Is your next project going to happen in Norway or the USA?
Right now we’re writing something Norwegian. I think that’s going to be the first. But we are also doing something English, we don’t know yet. It would be kind of nice to do a Norwegian one now, quickly, and then see. I try to be specific whenever I work because that’s what I’m curious about. I hope we can develop. What you dream of when you become a filmmaker is that people will allow you to develop. It’s a big deal for me. I made three films and just now, for the first time showed the third film. And everyone compares what you do. When I did my second one, they said it’s slower than Reprise or this is much better than that. And I guess when people have kids, one kid might have big ears and one has imperfect teeth, but you love them all, even if they’re not perfect. I hope I’m alive to make different types of movies. I don’t have so much control over it. I pretend to be the director and we have made a poster and I say “This is my movie!”, but it’s pretty messy, you don’t really know what you’re doing, I think, half of the time. Maybe you know later, sometimes.
How did the presence of Isabelle Huppert affect the film?
In terms of the shooting, it made a huge difference, because she is able to apply very specific, subtle means to create an iconic character without us having to make such a big effort. Since it’s set in New York, we could have a French war photographer, it’s natural. I’m a fan of hers and she knows that I’m particularly interested in the close-up, as sort of an element in the cinema that’s very pure. Isabelle is interesting, she can do close-ups in which you feel unsure if she locks you out or lets you in. She’s incredible, I can’t put my finger on it, she’s amazing, I’ve never seen an image change so much when an actor gets in front of the camera, it’s really interesting.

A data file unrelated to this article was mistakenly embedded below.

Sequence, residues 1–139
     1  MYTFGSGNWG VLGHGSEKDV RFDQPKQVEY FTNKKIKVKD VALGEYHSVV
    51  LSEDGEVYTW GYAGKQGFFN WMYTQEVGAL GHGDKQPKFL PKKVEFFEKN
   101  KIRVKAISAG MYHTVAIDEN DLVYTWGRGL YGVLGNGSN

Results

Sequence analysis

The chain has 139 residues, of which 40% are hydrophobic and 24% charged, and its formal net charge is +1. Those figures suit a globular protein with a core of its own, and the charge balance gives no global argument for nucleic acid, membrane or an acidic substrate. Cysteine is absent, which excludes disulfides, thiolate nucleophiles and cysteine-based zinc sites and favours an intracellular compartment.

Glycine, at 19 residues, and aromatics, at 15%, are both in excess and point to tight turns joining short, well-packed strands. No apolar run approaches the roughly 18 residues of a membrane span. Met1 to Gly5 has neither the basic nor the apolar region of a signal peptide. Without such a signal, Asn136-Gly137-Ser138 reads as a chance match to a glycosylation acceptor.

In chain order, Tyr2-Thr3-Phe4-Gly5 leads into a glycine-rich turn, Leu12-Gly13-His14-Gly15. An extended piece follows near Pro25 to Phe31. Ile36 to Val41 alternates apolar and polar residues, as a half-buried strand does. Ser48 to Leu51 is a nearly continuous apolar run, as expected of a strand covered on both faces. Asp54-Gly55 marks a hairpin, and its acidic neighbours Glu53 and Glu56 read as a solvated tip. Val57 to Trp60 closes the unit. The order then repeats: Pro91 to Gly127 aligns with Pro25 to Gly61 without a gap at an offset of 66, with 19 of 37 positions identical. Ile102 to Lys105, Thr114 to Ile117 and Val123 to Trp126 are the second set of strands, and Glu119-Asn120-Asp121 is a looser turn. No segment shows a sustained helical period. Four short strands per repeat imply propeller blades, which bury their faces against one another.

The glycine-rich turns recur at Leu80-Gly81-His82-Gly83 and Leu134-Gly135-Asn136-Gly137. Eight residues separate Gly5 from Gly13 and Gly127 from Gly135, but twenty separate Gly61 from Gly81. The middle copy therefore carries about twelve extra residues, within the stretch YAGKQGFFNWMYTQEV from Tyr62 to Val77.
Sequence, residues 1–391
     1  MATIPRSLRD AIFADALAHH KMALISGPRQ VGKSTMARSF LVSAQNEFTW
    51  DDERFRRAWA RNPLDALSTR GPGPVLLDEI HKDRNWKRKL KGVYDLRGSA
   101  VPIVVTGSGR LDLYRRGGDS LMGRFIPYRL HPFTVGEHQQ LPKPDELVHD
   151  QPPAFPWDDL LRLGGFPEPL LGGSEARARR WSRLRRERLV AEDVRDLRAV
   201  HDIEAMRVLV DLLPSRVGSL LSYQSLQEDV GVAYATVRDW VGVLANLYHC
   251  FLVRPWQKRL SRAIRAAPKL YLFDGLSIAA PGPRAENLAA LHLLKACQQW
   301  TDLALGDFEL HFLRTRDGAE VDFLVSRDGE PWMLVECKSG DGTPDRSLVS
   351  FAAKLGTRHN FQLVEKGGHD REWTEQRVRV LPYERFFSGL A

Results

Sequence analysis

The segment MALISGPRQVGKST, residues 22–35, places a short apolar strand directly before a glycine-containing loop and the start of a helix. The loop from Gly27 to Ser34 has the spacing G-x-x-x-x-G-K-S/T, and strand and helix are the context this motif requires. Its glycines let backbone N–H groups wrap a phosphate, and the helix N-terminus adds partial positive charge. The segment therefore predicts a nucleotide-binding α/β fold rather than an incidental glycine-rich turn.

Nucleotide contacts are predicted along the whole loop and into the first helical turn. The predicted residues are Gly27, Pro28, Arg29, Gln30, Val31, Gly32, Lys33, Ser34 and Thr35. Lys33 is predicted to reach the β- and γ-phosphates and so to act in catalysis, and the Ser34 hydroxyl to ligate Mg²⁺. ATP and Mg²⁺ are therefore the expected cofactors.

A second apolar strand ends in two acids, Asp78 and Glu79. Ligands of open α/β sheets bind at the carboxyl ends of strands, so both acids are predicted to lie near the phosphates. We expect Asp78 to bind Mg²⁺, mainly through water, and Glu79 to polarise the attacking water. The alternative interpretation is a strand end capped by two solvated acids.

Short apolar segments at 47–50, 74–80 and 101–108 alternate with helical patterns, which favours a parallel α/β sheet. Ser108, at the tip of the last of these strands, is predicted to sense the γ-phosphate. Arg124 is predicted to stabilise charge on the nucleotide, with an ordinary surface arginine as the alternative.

The audience’s reaction to her tends to be either love or hate.
But isn’t that the sign of strong art, that people disagree or discuss or feel or I don’t know? Maybe I’m in the middle of a bubble, but most of the people around me, they just adore her work. Maybe me and my friends are just fans, but I think she’s remarkable.
Were the other actors all your choices?
Completely my choices. It’s very important to say. I’m very fortunate we put the financing together, my final cut completely passed approval, a lot of European support with soft money from France, Denmark, Norway and some American, as well. But concerning the cast, those are the best actors that I wanted to work with. That’s it.
What about the crew?
Most of the crew was American, but I had my cinematographer with me from Sweden and the editor and so forth. And the postproduction was done in Scandinavia.
Is working in America different?
It’s strange, everyday you come to the set in the morning and they erect a music festival, like 15 trucks, catering and snacks – and you have to pay. The unions are so strong in New York that you’ve got to pay those trucks and that’s it. Nobody can get away from it, unless you make a tiny movie. If you make a proper-budget movie, the cost is immediately ten times as much. But they’re quick, they’re fast, they work 16-hour days, it’s amazing what you get done. You can move a tremendous lamp in three minutes, there’ll be five guys doing it. “Move the sun!” I don’t want to be the European falling on my ass in America; it’s always expected that you do, right? It wasn’t so different in the end. We had rehearsal time with the actors which is unusual in America.
What about war photography? Did you think about that also in terms of similarities to filmmaking?
It’s very inspiring as a filmmaker to think about how you perceive the pain of other people or the ability to tell those stories. Regarding the Pain of Others by Susan Sontag is pretty interesting stuff also for just narrative philosophy, not just about war representation.
For our review of Louder Than Bombs visit here.
Read more of our reviews and interviews from the festival here.
For further information about Cannes Film Festival 2015 visit here.
Watch an excerpt of Louder than Bombs here: